Roses are one of the most popular plants in the world. They’re beautiful, fragrant, and easy to care for. But regular pruning is essential to keep them looking their best. Here’s how to do it properly so they stay healthy and beautiful.
This advice is applicable to all varieties of roses. However, further advice on shrubs and climbing roses is provided in the following section.
When to prune roses
After the blooms have faded, climbers are frequently pruned in the winter. To prevent damage, long whippy shoots can be shortened or tied in during the autumn. It’s easier to see what you’re pruning the rose when it’s not in leaf. It also responds better, which should encourage it to grow back vigorously in the spring.
Roses can be pruned in the middle of February in the south when growth is just starting to return. But in the northern and colder regions, wait until March. Following flowering, deadheading is carried out in the summer.
How to prune roses
Young climbing roses require the support of a trellis or horizontal wire to which the shoots can be tied for training and pruning. Climbing roses do not self-cling. The subsequent wires should be spaced 30 centimetres (1 foot) apart, with the lowest wire 45 centimetres (18 inches) above the ground. To encourage flowering shoots to form lower down, train roses up pillars, arches, or pergolas by gently twisting the main shoots around the uprights while keeping them as horizontal as possible. Tip-prune the main stems to the first strong bud if they are slow to branch to encourage side shoots; otherwise, let them grow into the available space. To encourage additional flowering, remove damaged, diseased, or spindly growth and deadhead it during the flowering season.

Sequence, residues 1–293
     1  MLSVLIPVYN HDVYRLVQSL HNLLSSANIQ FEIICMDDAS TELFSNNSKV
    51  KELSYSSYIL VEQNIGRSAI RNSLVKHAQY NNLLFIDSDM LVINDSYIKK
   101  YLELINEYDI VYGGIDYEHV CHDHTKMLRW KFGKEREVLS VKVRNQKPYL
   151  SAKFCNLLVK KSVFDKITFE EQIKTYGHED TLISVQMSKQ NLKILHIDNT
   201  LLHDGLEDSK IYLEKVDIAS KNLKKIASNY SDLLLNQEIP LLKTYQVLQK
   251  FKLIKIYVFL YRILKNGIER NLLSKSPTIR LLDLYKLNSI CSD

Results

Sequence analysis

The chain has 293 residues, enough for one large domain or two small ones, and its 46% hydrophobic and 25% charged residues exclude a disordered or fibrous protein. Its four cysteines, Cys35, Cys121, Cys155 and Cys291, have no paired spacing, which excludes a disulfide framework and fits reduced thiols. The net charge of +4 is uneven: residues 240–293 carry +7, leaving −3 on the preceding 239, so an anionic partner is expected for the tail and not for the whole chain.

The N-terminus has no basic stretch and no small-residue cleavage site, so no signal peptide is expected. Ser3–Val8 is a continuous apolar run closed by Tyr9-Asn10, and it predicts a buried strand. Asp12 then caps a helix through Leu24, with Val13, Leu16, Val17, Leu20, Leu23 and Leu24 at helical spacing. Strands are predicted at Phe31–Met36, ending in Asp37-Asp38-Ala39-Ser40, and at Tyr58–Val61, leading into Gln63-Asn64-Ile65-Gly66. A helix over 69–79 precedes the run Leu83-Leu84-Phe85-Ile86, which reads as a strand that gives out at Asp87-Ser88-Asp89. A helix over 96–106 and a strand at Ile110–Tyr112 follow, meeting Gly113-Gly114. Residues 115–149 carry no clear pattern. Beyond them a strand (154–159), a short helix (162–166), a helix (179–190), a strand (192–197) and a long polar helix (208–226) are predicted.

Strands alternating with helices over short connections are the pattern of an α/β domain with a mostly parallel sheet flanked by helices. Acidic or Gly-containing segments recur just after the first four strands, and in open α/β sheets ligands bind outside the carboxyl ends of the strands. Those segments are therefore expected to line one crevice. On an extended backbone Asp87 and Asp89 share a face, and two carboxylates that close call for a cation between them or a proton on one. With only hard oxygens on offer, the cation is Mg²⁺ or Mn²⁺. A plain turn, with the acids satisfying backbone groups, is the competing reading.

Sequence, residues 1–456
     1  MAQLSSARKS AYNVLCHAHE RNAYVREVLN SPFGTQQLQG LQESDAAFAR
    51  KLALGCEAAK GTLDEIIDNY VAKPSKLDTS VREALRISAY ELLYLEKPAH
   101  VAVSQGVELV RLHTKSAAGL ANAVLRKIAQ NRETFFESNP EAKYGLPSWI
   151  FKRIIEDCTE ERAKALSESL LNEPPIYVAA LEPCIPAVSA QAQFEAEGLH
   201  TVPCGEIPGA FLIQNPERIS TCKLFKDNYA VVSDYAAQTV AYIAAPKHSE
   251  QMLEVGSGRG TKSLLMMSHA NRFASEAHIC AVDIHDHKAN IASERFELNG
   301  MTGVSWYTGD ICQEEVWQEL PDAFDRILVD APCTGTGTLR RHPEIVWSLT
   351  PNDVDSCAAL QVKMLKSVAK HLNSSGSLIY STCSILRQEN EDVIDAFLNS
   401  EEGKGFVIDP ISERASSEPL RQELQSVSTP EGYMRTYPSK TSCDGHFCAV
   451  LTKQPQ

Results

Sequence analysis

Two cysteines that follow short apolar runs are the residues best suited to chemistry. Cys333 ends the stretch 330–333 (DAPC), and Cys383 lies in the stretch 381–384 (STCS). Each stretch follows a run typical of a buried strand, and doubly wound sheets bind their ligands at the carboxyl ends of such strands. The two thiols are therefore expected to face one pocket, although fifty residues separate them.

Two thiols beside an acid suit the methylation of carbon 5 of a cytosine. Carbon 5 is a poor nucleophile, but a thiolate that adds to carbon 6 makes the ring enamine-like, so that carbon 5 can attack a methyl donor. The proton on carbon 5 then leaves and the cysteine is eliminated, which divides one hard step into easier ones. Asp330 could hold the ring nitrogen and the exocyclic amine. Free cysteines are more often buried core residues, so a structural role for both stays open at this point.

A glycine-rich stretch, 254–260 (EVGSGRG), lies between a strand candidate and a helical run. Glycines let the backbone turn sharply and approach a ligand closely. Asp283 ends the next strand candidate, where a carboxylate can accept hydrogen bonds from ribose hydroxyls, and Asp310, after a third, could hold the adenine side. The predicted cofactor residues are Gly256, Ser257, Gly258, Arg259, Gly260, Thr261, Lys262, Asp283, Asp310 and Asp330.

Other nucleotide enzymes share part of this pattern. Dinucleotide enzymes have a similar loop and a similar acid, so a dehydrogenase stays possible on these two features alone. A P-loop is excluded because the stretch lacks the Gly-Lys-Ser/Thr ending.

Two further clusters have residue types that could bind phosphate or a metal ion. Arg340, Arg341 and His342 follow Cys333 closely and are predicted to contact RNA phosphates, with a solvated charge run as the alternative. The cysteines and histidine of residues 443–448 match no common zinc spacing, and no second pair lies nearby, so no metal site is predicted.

Prune climbing roses on a regular basis. First, take out branches that are dying, ill, or dead. Then, tie in any new shoots that need to be planted to fill in gaps. Any side shoots with flowers should be cut back by two-thirds of their length. To encourage new growth, remove any particularly old branches from the base of the plant if it is very crowded.
Transforming unkempt climbing roses is simple. Take out all of the weak, diseased, dead, and dying shoots. Reduce the number of old, woody branches to the ground and keep no more than six young, robust stems that can be attached to supports. At the plant’s base, where rain can collect and promote rot, remove any dead stumps. To encourage branching, shorten the side shoots on the remaining branches and trim the tips by one-third to one-half. Spread granular rose fertiliser over the soil and mulch pruned plants with a 5 cm (2 in) layer of garden compost or well-rotted manure to give them a boost in the spring.
Roses can be pruned in the middle of February in the south when growth is just starting to return, but in the northern and colder regions, wait until March. Following flowering, deadheading is carried out in the summer.
In contrast to contemporary bush roses, shrub roses typically bloom on older wood and should be allowed to develop naturally. They should also be maintained with a balance of young, vigorous growth and older wood through light, consistent pruning. Keep in mind that many old garden roses have an arching habit and require sufficient space; the graceful shape of stems is destroyed by shortening them to limit spread.
Roses on a shrub bloom in a single flush. After the flowering season has ended, you should prune in the late summer. The primary requirement is to keep the plants free of spindly growth, crossing or rubbing branches, and diseased or damaged wood. Remove one or two older branches from the centre if necessary to avoid excessive accumulation of old, useless wood that is crowding the centre. Remove one or two stems back to close to ground level if they become leggy and bare at the base; this will typically encourage new growth from the base.
Maintain a balanced framework by reducing strong new growth by up to one-third in late winter for repeat-flowering shrub roses. The English rose: The growths from the previous season should have their length reduced by 30 to 50 per cent. Reduce the size of powerful side shoots to two or three buds. Each winter, mature plants need light renewal pruning in which some of the older main stems are cut back to the base. The vigorous new shoots that emerge from the base as a result of this encourage the subsequent summer’s bloom. In the summer, deadhead spent blooms as they fade to encourage new flower production.
“Roses should be pruned from late winter to early spring. Just as new growth begins, is the best time to prune roses,” says Chris Bonnett, a gardening expert for The Express.